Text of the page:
Of course, you may have subsequent difficulties getting your international credit card to be accepted. 😕 But, I've seen claims that Priceline accepts UK credit cards without issue. As such, it might be worth a try.
There is no "authoritative" arbiter of hotel star ratings. Priceline's definition of a 3-star quality level hotel may not equate to your definition. That's why I recommend inexperienced bidders should stick with bidding for 4-star quality level hotels. Once you get a sense for Priceline's standards, then you can feel free to play around with lowering the quality level on your bids.
Additionally, European and other non-US hotels tend to be less extravagant than US hotels. In other words, when bidding for a hotel room in a non-US city, you should probably add a star to your quality level criteria in order to ensure that you aren't disappointed. (Either that or be prepared to lower your standards.)
If you are having difficulty getting a hotel bid accepted for a price that you believe is in range, you might want to consider splitting your single bid into multiple bids. Doing this could help you work around a couple scenarios.
In non-leisure destinations (think Chicago, not Orlando), 3 1/2 and 4-star quality level hotels tend to cater to business travelers more than leisure travelers - and business travel is typically focused on weekday stays. The same goes for business and professional conventions. So, you might have to bid higher for your weeknights than the lower bids that might be accepted for Friday, Saturday, and Sunday evenings.
One or more special events being staged in your target destination on one or more of your dates can torpedo your bid. Sporting events, festivals, conventions (business or consumer), rallies, etc. can easily max out hotels' capacities.
In order to sniff out dates when demand is out-stripping supply, try consulting a traditional hotel booking site that breaks out the cost by individual dates (Expedia and Travelocity do this). Search by your date range, then choose one of the top results to see a day-by-day breakdown of costs. Hotwire is good for doing this, as well. Search for each date one at a time (constrained by quality level and proximity to an address/landmark), noting any dates where the prices spike upward.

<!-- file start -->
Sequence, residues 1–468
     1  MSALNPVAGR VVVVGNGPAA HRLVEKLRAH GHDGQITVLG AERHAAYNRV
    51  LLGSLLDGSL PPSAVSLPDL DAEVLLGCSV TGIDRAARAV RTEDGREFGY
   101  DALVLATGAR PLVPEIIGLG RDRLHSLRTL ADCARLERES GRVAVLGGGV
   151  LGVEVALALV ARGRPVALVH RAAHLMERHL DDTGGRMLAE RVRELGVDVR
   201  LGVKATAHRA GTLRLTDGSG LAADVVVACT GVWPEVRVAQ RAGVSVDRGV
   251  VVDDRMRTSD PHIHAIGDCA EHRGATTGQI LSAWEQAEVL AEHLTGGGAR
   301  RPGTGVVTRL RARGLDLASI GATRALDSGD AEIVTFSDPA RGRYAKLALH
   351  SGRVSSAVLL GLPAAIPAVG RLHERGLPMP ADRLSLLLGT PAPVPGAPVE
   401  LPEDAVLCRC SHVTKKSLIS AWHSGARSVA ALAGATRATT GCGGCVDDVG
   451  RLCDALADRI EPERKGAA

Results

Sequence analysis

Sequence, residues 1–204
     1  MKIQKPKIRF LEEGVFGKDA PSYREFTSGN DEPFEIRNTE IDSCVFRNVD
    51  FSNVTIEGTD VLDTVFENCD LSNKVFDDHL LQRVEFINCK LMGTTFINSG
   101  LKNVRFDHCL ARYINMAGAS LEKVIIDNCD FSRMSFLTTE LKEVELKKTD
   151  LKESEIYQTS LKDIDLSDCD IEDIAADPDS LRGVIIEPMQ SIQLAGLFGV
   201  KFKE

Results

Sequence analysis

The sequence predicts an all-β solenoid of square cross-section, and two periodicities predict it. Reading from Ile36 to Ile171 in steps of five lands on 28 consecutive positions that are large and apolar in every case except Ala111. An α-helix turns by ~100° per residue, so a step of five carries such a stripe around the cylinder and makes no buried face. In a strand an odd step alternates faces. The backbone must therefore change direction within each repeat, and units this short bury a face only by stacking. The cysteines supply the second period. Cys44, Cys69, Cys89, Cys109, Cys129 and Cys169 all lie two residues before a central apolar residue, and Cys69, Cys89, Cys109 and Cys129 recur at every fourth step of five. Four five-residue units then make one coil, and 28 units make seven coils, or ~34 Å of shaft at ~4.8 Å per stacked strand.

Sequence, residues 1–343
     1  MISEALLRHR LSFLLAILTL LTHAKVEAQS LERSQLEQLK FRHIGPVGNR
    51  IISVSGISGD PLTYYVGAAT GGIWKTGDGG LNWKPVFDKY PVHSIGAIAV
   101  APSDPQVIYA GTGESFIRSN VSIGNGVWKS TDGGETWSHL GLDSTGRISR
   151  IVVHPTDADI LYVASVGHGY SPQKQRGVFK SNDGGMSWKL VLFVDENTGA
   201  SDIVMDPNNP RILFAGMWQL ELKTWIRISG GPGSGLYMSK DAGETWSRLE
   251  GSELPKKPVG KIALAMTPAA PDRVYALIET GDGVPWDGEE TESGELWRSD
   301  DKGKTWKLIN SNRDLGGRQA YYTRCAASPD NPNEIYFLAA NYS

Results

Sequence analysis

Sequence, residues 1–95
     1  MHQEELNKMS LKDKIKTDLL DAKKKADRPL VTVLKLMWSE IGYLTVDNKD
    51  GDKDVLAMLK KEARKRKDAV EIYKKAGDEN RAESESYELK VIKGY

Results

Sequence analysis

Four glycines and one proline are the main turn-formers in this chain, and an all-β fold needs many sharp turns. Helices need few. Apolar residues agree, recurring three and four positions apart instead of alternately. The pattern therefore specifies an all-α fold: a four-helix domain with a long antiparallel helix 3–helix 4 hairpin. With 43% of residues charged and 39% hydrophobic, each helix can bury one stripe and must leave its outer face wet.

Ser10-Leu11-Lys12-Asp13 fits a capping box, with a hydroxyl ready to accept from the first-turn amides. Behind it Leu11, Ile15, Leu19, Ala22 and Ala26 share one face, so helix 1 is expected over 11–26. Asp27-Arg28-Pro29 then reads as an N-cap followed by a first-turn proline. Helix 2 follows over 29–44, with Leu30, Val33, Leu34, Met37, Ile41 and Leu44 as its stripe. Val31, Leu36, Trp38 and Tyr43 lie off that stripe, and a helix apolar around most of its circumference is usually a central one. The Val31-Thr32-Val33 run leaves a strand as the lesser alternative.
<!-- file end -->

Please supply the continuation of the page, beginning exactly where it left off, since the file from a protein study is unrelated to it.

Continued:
Your goal is to determine which days are causing your NYOP bid to be rejected. Once found, consider splitting up your Priceline bid to avoid/account for these high-priced, high-demand dates.
Cash Back and Bonus Bucks
As much money as you can save by using Priceline's "Name You Own Price" (NYOP) feature to book your hotel room, you can save even more money by going through links on cash back portals. Depending on the portal, you’ll earn a certain percentage of Priceline purchases (that you initiate via the portal) back as cash.
Note: As far as I can tell, “hotel bonus cash” is no longer a thing. But, I’ll leave my original content here for future reference. Thanks to Melissa from Giving Assistant for the nudge that caused me to revisit this.
FatWallet.com also lists a number of Priceline coupons that will earn you other discounts on your Priceline purchases, including hotel bonus cash. You have to look through the list of coupons to find the ones that apply to NYOP, though.
Once clicked, it may not be immediately obvious that the link worked, because you'll simply be taken to the Priceline home page. But, once there, look to the lower(ish) right(ish) corner of the page and you'll see one or more links labeled "Hotel Bonus Cash Reward" (or something similar).
Click through the link and you'll be presented with your bonus cash - which, believe it or not, can be applied to a hotel room booking you making using Priceline's "Name Your Own Price" feature. Just be sure to follow the instructions and start your bidding process through the bonus cash page.
And that's it! If you've read the posts I referenced at the start and are aware of these six tips and gotcha's, you know everything a first-time (or rookie) Priceline "Name Your Own Price" hotel bidder needs to know to confidently bid on hotels - and save a lot of money doing it! Or, at least I believe you do.
Is there something else you think I've left out? Is there anything else preventing you from feeling confident enough to go bid on a hotel room using Priceline? If so, please let me know in the comments below. Thanks.